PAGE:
According to another member of the grant team, the added structure didn’t just increase participation, but improved learning: “The warm-ups and think-pair-shares held students accountable for their learning. They gave them practice in applying what we had covered in the previous class. These informal assessments gave students a chance to monitor their own understanding and the chance for me to formatively assess whether or not students were understanding.”

Use a classroom response system

Instructors design a question that requires good thinking, then asks each student to record his/her answer on a clicker or a polling app. This technique also insures that every student participates, but lowers the stakes by allowing anonymity. The process gives both students and the instructor feedback on students’ depth of comprehension.

Elon Professor Practices: Heidi Hollingsworth (Education)

Headshot of associate professor, Heidi Hollingsworth

Heidi Hollingsworth uses a variety of tools for quick in-class and out-of-class student responses:  “I use for short online responses that allow for me to hear from each student individually (with names or anonymously, depending on the purpose of the question or task). Sometimes I also use Flipgrid for each student to submit a short video recorded response. I can adjust the setting to allow the whole class to view each others’ responses, and in that way, students are hearing their peers’ multiple viewpoints. To date, when I’ve asked students to leave comments in response to their peers’ recordings, the comments have been very positive, which I think could increase students’ sense of belonging in class.”

Use a note card shuffle

In this low-tech method for anonymous participation, the instructor asks each student to write a response on a note card; then the instructor collects all the note cards. The instructor might choose to read random students’ responses or shuffle the cards and redistribute them, asking each student to read someone  else’s response aloud.

Wrap (turn taking)

At the beginning of a discussion in a small group, the instructor does a quick “wrap around the room” in which each student is expected to comment on a matter from the reading – they might offer a quotation or idea that seemed significant, a subject they’d like to be discussed, or a question they have. (This is low-stakes/less intimidating when students have been given a chance to prepare and know they’ll be asked to contribute something).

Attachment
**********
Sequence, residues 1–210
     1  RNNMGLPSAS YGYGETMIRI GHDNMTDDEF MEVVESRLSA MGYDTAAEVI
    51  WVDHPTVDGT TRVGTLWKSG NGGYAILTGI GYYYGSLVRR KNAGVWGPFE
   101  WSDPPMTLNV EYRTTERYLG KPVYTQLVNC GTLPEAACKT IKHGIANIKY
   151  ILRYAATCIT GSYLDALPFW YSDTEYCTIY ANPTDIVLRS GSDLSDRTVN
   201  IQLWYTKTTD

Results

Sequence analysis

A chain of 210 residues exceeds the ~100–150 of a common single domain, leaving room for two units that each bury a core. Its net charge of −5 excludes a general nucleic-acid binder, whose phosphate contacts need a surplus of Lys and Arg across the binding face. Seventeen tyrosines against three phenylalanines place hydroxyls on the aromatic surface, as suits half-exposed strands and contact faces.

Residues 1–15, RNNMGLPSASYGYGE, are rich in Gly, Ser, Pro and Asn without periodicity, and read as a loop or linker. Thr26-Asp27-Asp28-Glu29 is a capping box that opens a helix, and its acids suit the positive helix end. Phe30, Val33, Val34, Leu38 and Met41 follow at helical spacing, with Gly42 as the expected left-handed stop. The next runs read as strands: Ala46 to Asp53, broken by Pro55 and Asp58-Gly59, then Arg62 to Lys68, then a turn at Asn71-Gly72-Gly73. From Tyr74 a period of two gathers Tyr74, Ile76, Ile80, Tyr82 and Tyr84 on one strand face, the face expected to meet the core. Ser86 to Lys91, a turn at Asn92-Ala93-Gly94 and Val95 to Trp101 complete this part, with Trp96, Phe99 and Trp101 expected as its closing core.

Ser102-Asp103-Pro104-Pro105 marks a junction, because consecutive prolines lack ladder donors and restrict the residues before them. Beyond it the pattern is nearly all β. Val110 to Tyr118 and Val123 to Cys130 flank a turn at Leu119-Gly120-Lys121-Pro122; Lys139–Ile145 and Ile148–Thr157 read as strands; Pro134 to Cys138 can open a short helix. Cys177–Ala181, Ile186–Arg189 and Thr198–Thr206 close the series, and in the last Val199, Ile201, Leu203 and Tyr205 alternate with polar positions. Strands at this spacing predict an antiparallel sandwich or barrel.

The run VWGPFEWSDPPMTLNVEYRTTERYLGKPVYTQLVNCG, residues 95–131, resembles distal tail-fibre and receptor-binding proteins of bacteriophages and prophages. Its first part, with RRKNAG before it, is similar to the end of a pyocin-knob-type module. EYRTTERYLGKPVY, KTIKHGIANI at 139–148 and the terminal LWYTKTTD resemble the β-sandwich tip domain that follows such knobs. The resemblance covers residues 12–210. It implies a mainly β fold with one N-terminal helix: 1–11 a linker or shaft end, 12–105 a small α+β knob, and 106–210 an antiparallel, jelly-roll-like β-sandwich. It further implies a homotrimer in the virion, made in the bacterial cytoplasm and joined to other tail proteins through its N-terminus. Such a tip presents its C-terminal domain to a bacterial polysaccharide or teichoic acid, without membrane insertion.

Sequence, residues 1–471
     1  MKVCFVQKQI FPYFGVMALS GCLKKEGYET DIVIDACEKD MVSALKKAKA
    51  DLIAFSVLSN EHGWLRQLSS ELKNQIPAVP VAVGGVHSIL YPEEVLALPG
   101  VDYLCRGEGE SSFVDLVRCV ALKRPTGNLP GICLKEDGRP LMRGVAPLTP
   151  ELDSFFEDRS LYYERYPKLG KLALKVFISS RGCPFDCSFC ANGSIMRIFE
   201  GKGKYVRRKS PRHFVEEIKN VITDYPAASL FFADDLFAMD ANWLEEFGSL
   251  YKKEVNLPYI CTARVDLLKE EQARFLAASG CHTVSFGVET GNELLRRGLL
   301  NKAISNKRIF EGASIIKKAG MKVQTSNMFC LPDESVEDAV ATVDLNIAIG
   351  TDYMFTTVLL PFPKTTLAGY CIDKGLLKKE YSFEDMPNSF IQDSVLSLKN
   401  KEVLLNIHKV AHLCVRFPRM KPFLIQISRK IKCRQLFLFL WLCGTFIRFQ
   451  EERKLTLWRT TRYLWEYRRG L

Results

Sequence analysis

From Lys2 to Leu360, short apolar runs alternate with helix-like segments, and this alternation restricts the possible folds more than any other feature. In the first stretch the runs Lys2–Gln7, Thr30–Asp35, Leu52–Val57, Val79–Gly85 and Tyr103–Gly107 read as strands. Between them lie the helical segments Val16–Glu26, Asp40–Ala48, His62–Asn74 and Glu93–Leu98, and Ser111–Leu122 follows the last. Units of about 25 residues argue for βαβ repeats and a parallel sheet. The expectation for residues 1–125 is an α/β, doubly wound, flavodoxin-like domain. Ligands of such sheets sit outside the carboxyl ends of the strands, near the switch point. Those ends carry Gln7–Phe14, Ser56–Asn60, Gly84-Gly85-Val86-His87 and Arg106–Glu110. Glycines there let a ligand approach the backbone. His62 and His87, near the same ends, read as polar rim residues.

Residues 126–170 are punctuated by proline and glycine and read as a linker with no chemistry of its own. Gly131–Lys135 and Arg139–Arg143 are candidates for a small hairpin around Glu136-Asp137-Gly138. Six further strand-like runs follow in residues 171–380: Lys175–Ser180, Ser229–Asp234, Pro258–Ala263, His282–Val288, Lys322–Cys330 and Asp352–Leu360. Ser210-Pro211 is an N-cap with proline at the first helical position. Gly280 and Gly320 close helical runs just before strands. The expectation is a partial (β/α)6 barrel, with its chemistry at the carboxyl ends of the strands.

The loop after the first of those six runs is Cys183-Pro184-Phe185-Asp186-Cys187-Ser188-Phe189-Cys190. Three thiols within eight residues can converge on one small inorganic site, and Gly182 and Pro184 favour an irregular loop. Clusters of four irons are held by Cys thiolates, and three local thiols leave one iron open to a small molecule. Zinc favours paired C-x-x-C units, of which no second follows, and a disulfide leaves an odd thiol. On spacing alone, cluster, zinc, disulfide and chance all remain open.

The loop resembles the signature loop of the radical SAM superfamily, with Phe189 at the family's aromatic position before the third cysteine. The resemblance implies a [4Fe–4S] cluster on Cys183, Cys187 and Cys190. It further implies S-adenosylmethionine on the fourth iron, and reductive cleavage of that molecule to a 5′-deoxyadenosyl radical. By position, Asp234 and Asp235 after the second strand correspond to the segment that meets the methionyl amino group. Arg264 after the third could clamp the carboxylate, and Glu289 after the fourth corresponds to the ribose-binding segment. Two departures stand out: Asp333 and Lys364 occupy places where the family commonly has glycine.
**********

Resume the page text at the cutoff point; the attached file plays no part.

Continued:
Incorporate small group tasks

Start with small group tasks or discussion prompts, so students can test their ideas in a venue that seems less intimidating.

Tips on structure for small group work:

Elon Professor Practices: Damion Blake (Political Science and Policy Studies)

Damion Blake structures small group work so that his courses benefit from broader student participation:

Headshot of Assistant Professor, Damion Blake“I do weekly small group breakout discussions in which students have set roles: one discussion leader, one recorder/reporter, and two to do research on the topic. I keep track of roles to insure that by the end of the course, every student has been in the role of discussion leader.

I take the time to set up the class environment, stressing the importance of respectful participation. I changed seating arrangements so that now we’re in a semi-circle with name tags so the students use one another’s names. I also build in a different opportunity for class participation; students who are more hesitant can email me before or after class to share their thoughts.”

Assign and rotate roles

Unfortunately, a confident and/or extroverted student might dominate even in small groups, and sometimes the other students are content or feel powerless to do something about that phenomenon. The practice of rotating roles can make participation more equitable. You might assign someone to be a facilitator whose job is to keep the group on task and make sure everyone has a chance to contribute; a recorder; a reporter; and a timekeeper, for example.